Personal computers were just coming around when I began in the industry. My first accounting job was on a pegboard system. We posted the general ledger by hand, did payroll by hand. We had books to look up payroll taxes instead of checking online. Technology has come a long way since then. You know, I lived through the age of dial up internet, too. Aside from technology, there’s a lot more regulation, especially after the ENRON scandal at the end of the 90’s. We now have Sarbanes-Oxley Compliance, where IT systems and accounting are now audited. Accounting has always been audited, but it’s more extensive with the regulations that were enacted to prevent fraudulent financial reporting from occurring.
What changes have you seen in the general construction industry over the course of your career?
Similar to the changes in accounting, there’s been a lot of technology upgrades and increased regulation of the industry as a whole. Safety practices have increased significantly. When I worked in manufacturing, safety wasn’t really a priority. The industry is starting to diversify a bit, although some groups might still feel a bit excluded. I know when I started in electrical work the industry was almost exclusively white males, at least here in the Northwest, and that’s changed. There seems to be more sophistication, now, too. When I was young, around 24-25 years old, harassment was pretty normal. It was normal to get calls from older men that said ‘Oh honey, let me take you to lunch,’ and they’d be married! I think there’s much less of that. It was normalized then, and you had to put up with a lot. It made you stronger to deal with it, but it’s far less common, now. There’s still a few unsavory characters out there, but not like it used to be.
My view has changed a bit now that I’m kind of at the ‘top’ of my career and I need to be training and mentoring those below me instead of trying to ‘compete’ to be at the top. I think you have to make your own mistakes, but I try to prevent those below me from making the same ones I did.
What do you see for the future of the construction industry?
I think technology is going to continue to improve. I imagine we well see a lot more building with things like 3-D printers, for instance, to make parts and things. I also think sustainability will be a bigger focus. As we have materials shortages, we’ll probably need to find more local suppliers and more sustainable sources to utilize, too. Prefabrication may become more common, which a lot of the sub trades have been doing for quite some time, but I’m guessing it will become even more commonplace.
Do you see women advancing in the industry? Why or why not?
I think so. There’s been a lot of progress. We need more, though. Women presidents still aren’t common unless they’re minority owned companies. But it’s coming.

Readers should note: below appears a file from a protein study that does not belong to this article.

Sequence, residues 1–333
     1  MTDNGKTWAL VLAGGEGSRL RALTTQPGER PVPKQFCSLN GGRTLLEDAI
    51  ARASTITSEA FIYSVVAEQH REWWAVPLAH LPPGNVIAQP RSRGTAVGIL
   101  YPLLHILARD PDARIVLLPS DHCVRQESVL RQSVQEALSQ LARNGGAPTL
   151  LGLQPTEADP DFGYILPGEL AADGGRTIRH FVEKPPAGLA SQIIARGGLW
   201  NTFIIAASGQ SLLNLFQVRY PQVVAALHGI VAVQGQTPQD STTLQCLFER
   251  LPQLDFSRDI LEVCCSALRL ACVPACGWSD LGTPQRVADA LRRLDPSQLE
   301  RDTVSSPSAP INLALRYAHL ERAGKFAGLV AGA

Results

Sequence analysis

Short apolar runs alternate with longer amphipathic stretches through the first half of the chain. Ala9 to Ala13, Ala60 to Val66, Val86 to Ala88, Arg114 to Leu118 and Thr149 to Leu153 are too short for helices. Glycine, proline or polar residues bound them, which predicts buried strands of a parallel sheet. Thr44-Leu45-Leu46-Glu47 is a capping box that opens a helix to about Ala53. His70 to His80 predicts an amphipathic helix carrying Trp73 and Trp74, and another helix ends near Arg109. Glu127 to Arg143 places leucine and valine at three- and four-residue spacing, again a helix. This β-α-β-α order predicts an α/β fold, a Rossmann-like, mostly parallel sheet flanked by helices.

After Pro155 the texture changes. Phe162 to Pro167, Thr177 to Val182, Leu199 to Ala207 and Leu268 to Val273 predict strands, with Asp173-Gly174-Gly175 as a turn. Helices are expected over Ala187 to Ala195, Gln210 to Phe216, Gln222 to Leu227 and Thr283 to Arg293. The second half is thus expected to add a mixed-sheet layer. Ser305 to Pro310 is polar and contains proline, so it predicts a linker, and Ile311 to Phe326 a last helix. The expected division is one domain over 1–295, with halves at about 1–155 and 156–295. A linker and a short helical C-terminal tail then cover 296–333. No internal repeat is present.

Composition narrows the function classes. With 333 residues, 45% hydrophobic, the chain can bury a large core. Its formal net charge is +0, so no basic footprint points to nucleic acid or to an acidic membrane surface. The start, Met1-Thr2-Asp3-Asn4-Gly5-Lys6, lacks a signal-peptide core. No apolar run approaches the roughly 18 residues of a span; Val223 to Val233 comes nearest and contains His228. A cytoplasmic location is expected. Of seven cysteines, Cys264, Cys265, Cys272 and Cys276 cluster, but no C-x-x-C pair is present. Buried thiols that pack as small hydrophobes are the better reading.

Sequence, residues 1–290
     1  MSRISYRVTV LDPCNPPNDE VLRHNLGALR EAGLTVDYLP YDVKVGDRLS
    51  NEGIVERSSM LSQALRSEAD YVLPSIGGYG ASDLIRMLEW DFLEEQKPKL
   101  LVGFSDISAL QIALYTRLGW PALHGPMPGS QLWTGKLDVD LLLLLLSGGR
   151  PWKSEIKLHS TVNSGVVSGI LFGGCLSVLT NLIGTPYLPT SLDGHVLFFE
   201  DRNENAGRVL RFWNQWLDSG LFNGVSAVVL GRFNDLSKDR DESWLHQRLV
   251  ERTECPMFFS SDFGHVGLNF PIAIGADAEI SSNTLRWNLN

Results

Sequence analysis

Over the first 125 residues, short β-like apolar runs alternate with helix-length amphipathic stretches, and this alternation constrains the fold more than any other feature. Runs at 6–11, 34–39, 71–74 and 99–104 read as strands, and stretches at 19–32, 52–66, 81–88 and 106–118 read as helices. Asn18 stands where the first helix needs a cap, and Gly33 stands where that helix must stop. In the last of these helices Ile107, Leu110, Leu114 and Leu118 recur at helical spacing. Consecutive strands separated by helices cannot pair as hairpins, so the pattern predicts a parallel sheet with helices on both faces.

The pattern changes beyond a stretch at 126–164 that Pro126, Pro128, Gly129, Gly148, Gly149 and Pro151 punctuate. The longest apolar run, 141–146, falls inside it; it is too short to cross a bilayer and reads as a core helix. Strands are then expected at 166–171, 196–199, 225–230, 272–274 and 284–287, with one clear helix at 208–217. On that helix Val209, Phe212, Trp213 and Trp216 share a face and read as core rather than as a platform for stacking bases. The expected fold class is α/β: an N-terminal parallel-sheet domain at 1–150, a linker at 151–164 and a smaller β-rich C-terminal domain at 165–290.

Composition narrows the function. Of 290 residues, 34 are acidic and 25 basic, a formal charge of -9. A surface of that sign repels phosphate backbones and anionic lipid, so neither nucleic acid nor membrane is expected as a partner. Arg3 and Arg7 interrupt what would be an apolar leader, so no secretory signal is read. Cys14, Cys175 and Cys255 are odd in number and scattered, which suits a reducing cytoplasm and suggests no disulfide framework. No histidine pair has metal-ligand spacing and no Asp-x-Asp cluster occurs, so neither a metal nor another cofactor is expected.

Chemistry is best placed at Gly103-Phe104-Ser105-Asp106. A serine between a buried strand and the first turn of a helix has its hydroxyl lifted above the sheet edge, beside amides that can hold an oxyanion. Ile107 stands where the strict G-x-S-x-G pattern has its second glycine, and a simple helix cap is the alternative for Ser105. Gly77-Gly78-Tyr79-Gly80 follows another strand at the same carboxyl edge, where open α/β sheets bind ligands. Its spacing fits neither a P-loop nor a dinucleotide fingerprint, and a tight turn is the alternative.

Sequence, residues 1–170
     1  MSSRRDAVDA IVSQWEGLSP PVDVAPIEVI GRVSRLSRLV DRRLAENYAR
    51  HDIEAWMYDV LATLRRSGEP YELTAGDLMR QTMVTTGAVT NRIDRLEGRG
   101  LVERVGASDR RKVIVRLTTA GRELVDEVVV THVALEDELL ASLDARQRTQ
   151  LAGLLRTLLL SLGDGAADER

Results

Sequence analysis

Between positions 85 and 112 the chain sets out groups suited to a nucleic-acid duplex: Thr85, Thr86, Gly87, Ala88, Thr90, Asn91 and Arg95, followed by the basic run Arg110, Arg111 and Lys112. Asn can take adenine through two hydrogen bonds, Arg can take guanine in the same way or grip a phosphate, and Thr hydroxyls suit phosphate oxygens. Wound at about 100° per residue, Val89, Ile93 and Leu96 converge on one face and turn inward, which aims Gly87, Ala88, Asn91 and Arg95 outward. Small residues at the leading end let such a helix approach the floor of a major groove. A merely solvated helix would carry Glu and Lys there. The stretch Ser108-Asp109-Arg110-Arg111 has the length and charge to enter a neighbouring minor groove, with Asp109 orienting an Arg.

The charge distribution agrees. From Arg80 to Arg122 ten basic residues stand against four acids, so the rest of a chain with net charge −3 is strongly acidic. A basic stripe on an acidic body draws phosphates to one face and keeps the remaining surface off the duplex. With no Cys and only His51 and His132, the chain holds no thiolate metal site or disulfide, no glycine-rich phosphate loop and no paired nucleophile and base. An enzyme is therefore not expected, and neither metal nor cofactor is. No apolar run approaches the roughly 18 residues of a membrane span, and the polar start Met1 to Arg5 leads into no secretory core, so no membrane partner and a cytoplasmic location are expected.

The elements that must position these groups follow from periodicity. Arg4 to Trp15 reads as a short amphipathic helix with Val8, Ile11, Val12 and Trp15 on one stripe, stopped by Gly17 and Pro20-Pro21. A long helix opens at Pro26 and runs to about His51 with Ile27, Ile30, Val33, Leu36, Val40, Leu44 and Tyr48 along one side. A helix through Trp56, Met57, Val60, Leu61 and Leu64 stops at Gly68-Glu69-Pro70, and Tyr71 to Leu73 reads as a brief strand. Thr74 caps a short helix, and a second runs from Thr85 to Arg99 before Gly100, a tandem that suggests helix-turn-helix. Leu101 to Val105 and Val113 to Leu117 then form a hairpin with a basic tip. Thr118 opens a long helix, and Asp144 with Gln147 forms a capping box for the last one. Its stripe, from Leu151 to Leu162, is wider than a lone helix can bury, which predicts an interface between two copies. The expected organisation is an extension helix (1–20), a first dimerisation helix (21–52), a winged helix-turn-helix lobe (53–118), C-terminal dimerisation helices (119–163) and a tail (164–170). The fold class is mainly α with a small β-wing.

What advice do you have for people who may be interested in accounting in the construction industry?
Get your Certified Public Accounting (CPA) certification. If you’re already in accounting, join CFMA. They host specialized construction training, have discussions about financial issues specific to construction, things like that. I’d also say to learn all you can. Learn every aspect of the job, from the ground up. It makes it easier to supervise others and understand every aspect of the work to help coach those below you.
What are you most proud of in your career?
That I worked my way up. It means I have learned a lot and done a good job. Others could see that I could be a controller, including my peers. In the old days, controllers often weren’t great with people, and I wanted to get along. If you want to know about good industry changes, you can no longer be snarky to people and be a controller or else people won’t tell you things that they should. Be firm, but nice. This position is not just about technical skills, it’s also about people skills. So, don’t forget that part when you’re learning.
What kind of culture shift have you seen at Perlo?
It used to be super conservative and risk averse here. We were always ‘safe’. Now it seems like nothing is out of reach. We can take risks and try new things. We’ve diversified our market sectors, including doing prevailing wage work, now, which is a big shift for accounting. Additionally, we’re a much more outgoing group. We try to have social interactions and make it a fun place to work. The activities and culture building that we do includes all departments where it used to feel like the PM’s were sort of more privileged. Other departments feel more valued now.
Is there anything else you’d like to share?
Everyone has made mistakes and ‘been’ there. And that’s ok. It’s important to learn from those mistakes, remember them and don’t repeat them. Some people want to do it all…but at some point, don’t try to do everything because you won’t be able to master it all. Do one or two things well, pick a direction and then be the best at those areas. And make sure you enjoy them so you can excel over time.
Many thanks to Debra for sharing her thoughts with us today! If you’d like to find out more about employment opportunities at Perlo, check out our Careers page now.